Thursday, September 23, 2010

Genetics and Failure

By the way.... This is my 100th Blog post! Go me!

So, here's a quick note before my genetics exam.

Speaking of which...Why the hell do I have to retake Genetics?? This is one component of the UIowa Biology Ph.D. Program that I just don't get. I made an A in genetics just three years ago...why are they making everyone take it again? Pffffffft!
Okay, now that I got that out of my system...
I'm beginning to get very acquainted with failure. My project is to measure nuclei volume in several polyploid snail lineages. Sounds easy, right? Well... it's not. At first my project was to measure cell size in these snails. Well, that has some problems: 1.) Exactly what kind of cells; and 2.) What are we defining as size? Snails, or any other organism for that matter, contain a vast array of cell types. From cilliated epithelium that cover the outside of the snail, to phagocytic cells that wander about looking for foreign bodies to digest. Each cell type has a variety of shapes and sizes that can be almost impossible to measure. Plus, enter the problem with microscopy. Focus on one point of the tissue, and you have taken a visual cross section of the sample. This cross section rarely contains cells within the same plane--producing wide variability in apparent cell size. The only way to accurately calculate cell volume is to take a 3-D picture of the cell and use an algorithm to determine the volume. Not easy.
So, that brings me to my list of failures.
At first, I thought I would do simple histology to make a cross section of a specific tissue. This didn't pan out, as the plane problem became apparent.
So I had to find out a way to separate out cells. I tried using a micro pestle and Eppindorph tube to no avail.... tried freezing the tissue with liquid nitrogen and powdering it with some limited success... and then tried dragging fresh snail tissue across a cryo-cold slide to get intact epithelial layers. All the while dabbling with different methods of fixation and staining which I could go in to great length about...But I'll save you.
So now the confocal is producing pretty images (although not exactly free of noise). Unfortunately it looks like this might not be the best route, either. I was hoping to get images of well-defined nuclei, create an image stack, and then determine the volume using spiffy software.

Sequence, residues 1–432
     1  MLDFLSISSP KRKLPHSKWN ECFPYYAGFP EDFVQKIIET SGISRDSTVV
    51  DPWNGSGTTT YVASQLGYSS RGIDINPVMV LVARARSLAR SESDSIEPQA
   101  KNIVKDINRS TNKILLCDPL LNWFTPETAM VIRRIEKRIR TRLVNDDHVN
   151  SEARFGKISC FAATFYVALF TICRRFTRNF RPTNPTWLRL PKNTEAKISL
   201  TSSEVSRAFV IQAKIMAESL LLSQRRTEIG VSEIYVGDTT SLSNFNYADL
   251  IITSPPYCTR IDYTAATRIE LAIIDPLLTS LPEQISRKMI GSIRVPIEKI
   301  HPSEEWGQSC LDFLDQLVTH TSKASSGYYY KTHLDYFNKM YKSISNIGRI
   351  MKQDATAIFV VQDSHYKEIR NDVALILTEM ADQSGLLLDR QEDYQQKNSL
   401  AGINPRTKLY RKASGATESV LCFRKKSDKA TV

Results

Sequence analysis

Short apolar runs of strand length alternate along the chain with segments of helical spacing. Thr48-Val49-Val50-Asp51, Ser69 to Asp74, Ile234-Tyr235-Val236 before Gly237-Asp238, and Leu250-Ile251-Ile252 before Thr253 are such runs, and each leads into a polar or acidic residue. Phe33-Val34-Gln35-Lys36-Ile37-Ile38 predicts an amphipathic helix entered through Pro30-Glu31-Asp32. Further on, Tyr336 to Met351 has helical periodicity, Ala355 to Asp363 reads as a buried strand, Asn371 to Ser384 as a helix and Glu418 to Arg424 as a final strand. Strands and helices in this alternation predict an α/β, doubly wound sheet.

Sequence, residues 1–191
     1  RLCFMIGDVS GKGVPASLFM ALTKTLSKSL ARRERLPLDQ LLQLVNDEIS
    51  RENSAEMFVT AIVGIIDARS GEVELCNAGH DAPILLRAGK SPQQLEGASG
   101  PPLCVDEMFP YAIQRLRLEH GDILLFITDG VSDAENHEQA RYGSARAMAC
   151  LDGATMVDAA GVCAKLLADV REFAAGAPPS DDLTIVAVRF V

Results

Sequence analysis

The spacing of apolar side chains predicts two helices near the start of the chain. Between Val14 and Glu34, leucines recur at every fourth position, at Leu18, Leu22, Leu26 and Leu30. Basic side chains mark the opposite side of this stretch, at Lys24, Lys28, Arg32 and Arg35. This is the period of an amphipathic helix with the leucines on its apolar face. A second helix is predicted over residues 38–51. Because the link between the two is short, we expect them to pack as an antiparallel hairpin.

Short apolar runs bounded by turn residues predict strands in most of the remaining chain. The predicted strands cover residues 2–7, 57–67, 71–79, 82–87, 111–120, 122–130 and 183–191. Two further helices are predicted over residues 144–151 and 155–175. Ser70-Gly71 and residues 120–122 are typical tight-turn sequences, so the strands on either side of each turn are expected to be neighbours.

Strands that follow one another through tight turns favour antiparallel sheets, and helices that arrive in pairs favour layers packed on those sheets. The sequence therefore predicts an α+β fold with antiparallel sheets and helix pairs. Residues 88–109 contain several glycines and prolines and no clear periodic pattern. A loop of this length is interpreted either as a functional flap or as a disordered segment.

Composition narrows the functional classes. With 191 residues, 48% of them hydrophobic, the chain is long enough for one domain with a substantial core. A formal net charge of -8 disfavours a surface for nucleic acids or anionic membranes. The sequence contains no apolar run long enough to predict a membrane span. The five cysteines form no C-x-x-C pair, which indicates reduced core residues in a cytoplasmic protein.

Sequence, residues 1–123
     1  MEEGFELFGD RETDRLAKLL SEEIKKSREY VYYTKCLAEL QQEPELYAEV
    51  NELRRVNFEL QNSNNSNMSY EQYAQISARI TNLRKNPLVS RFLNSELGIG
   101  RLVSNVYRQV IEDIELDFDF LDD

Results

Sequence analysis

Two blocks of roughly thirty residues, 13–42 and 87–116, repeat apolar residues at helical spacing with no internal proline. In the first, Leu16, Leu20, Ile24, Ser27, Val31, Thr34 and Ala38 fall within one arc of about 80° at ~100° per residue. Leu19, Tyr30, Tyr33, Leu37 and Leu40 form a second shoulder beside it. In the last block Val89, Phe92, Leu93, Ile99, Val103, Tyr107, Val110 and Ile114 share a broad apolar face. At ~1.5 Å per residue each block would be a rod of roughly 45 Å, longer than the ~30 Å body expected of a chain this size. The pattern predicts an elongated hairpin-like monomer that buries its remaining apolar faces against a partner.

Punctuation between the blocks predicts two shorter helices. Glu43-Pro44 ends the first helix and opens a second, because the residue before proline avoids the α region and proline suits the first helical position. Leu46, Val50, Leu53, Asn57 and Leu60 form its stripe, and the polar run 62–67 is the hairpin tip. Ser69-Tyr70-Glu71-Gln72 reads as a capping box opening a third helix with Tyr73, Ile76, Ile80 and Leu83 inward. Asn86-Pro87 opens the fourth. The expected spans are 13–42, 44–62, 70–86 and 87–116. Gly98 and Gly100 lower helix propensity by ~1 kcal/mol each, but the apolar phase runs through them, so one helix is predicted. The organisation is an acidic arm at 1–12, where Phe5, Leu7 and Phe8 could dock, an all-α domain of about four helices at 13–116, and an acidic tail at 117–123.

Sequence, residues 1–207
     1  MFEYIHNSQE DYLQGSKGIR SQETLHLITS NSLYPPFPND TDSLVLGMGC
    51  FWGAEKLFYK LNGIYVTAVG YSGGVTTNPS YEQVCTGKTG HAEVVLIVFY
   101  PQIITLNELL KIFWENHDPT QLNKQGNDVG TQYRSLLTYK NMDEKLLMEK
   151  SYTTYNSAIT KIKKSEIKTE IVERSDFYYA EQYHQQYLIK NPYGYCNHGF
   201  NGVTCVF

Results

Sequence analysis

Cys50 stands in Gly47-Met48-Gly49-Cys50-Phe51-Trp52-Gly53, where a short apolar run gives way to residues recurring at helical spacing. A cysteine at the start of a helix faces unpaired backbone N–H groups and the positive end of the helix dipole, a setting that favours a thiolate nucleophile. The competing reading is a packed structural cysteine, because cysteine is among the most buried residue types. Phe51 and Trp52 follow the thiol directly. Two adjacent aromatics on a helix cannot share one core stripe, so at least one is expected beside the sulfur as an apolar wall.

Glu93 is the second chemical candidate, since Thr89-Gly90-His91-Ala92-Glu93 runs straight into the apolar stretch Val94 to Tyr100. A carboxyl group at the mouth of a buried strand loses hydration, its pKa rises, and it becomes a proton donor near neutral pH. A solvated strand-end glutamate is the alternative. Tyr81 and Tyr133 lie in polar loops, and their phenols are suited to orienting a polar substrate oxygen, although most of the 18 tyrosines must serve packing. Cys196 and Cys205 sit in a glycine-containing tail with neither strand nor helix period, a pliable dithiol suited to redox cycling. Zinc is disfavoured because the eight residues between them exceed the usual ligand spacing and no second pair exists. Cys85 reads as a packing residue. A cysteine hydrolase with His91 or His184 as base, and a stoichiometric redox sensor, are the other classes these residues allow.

Welp... Looks like it's back to the drawing board... Again...
The plan is to return to the DIC and focus until nuclei have their largest apparent diameters, measure, and then assume they're a sphere. What else can I do at this point?
Anyhow.. here's some pretty images that I got today. Anything blue is nuclear (Stained with DAPI), and anything pink is cytoskeletal (Stained with Phloxine).
More failure (and hopefully eventual success) soon!

Like Leland said... They call it research for a reason. If everything got done the first time they'd just call it 'search'.



4 comments:

Bruce Stallsmith said...

Are you sure those are eukaryotic cells?

Andrew said...

Insofar as I can tell.
Some of the background noise is likely due to bacterial contamination on the surface of the snails. The nuclei are right at 5-6um in diameter (i.e. Small). The Confocal doesn't give a good appreciation of what you're looking at. The second image is confocal overlain with DIC and you can make out a little bit of the strucure. The protrusion in that image is of a snail antenna.

Claire T said...

"If we knew what we were doing it wouldn't be called research"

You will be pleased to know that I am in the process of writing a blog post. It should be up on Monday.

Haley Monley said...

Happy blog centennial!